Ensuring healthy lives and promoting well-being at all ages is essential to sustainable development. Currently, the world is facing a global health crisis unlike any other — COVID-19 is spreading human suffering, destabilizing the global economy and upending the lives of billions of people around the globe.
Before the pandemic, major progress was made in improving the health of millions of people. Significant strides were made in increasing life expectancy and reducing some of the common killers associated with child and maternal mortality. But more efforts are needed to fully eradicate a wide range of diseases and address many different persistent and emerging health issues. By focusing on providing more efficient funding of health systems, improved sanitation and hygiene, and increased access to physicians, significant progress can be made in helping to save the lives of millions.
Health emergencies such as COVID-19 pose a global risk and have shown the critical need for preparedness. The United Nations Development Programme highlighted huge disparities in countries’ abilities to cope with and recover from the COVID-19 crisis. The pandemic provides a watershed moment for health emergency preparedness and for investment in critical 21st century public services.
While substantial progress has been made in increasing access to clean drinking water and sanitation, billions of people—mostly in rural areas—still lack these basic services. Worldwide, one in three people do not have access to safe drinking water, two out of five people do not have a basic hand-washing facility with soap and water, and more than 673 million people still practice open defecation.
The COVID-19 pandemic has demonstrated the critical importance of sanitation, hygiene and adequate access to clean water for preventing and containing diseases. Hand hygiene saves lives. According to the World Health Organization, handwashing is one of the most effective actions you can take to reduce the spread of pathogens and prevent infections, including the COVID-19 virus. Yet billions of people still lack safe water sanitation, and funding is inadequate.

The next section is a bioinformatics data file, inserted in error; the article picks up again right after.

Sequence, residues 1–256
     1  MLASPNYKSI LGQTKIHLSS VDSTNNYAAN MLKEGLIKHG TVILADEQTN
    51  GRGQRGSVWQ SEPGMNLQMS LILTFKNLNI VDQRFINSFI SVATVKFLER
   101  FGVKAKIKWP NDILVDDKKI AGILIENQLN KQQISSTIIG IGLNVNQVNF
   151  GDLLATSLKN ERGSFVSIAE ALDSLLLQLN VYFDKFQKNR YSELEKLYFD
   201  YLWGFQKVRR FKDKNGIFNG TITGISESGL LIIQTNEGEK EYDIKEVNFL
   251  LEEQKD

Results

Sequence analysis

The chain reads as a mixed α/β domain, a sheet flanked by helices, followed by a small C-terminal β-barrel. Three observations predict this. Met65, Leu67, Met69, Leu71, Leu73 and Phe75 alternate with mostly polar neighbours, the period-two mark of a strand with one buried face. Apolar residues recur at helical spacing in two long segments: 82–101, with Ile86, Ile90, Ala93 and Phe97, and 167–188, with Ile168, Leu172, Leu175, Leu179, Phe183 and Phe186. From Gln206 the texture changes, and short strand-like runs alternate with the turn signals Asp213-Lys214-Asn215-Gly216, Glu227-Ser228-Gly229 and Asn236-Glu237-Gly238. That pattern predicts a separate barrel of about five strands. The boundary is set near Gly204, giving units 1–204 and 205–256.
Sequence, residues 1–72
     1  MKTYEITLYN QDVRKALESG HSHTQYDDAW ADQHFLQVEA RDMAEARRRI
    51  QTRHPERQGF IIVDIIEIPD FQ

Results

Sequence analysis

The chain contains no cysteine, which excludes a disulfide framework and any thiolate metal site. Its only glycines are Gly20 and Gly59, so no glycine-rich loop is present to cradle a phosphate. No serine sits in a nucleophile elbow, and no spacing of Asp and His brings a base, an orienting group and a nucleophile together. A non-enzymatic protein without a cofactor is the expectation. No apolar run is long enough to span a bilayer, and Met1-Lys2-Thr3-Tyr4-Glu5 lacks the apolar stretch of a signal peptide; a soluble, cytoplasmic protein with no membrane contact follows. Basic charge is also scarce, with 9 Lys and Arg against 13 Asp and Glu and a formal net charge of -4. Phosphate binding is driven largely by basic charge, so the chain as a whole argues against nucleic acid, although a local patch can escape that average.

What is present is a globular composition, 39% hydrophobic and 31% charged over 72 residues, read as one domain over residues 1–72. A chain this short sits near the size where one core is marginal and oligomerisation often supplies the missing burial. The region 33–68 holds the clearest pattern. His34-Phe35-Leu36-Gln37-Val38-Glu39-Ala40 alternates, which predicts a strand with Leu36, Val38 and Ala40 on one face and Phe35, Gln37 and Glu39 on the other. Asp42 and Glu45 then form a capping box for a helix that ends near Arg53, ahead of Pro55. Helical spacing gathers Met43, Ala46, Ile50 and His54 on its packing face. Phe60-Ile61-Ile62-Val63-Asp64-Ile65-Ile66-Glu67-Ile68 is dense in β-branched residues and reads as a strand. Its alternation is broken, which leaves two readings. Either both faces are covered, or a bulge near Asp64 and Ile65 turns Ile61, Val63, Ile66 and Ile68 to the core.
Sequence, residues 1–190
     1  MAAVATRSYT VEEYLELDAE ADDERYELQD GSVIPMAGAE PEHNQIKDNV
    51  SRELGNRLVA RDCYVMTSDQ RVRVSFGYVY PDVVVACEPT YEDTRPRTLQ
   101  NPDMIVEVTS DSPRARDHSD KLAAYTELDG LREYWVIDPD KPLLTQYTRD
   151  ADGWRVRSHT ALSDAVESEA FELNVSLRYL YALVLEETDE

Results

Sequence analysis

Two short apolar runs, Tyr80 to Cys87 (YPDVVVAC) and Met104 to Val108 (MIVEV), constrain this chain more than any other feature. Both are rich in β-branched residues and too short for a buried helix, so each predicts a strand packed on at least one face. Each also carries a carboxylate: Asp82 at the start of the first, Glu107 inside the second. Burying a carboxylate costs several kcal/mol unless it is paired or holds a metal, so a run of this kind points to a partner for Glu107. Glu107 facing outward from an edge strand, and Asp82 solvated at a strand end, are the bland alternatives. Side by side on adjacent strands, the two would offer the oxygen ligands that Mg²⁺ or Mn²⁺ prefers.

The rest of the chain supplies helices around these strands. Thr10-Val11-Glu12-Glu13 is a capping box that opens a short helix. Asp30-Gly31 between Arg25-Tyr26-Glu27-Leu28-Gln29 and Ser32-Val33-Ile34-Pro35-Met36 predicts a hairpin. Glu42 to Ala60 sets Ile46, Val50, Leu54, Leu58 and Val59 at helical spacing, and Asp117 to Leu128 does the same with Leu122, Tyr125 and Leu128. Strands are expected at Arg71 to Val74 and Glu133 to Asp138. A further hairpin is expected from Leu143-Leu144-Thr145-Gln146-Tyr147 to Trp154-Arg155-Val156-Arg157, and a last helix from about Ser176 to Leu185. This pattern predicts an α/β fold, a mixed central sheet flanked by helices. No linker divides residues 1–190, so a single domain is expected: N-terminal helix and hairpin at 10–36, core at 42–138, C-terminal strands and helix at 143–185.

Future Thematic Clusters
Upcoming Campus SDG Events
Learn about a different UN Sustainable Development Goal (SDG) each session and how you can be involved. The SDGs offer goals for the world to better the lives of everyone on the planet.
The Fall workshop series will focus on Quality of Life and feature a faculty member, student group representative, and practitioner from the community briefly sharing what they are doing to make a difference. Each session will include time for table discussion and conclude with ways you can connect.
- September 8 – SDG 1: No Poverty
- September 29 – SDG 2: Zero Hunger
- October 27 – SDG 3: Good Health and Well-being
- November 10 – SDG 6: Clean Water and Sanitation
Plan your Own Event
NC State Global invites campus partners to host events related to the semester’s cluster of Sustainable Development Goals. Events can be submitted through the University Calendar and will automatically be routed to NC State Global for promotion. Please see the expandable box for additional information.
To manage SDG Event submissions, we will be utilizing the central University Calendar. To submit your event:
- Login to calendar.ncsu.edu with your unity information. Click on the red ‘Submit an Event’ button on the right side.
- As part of the Event Name, add ‘SDG:’ This will instruct the calendar administrators to add the SDG tag on the back end so it shows up on the SDG website.
- In your event description, please identify which SDGs are related to this event.
- In the Filters section, under Topic, select ‘Global‘.
- Send us an email to let us know so we can help promote! email@example.com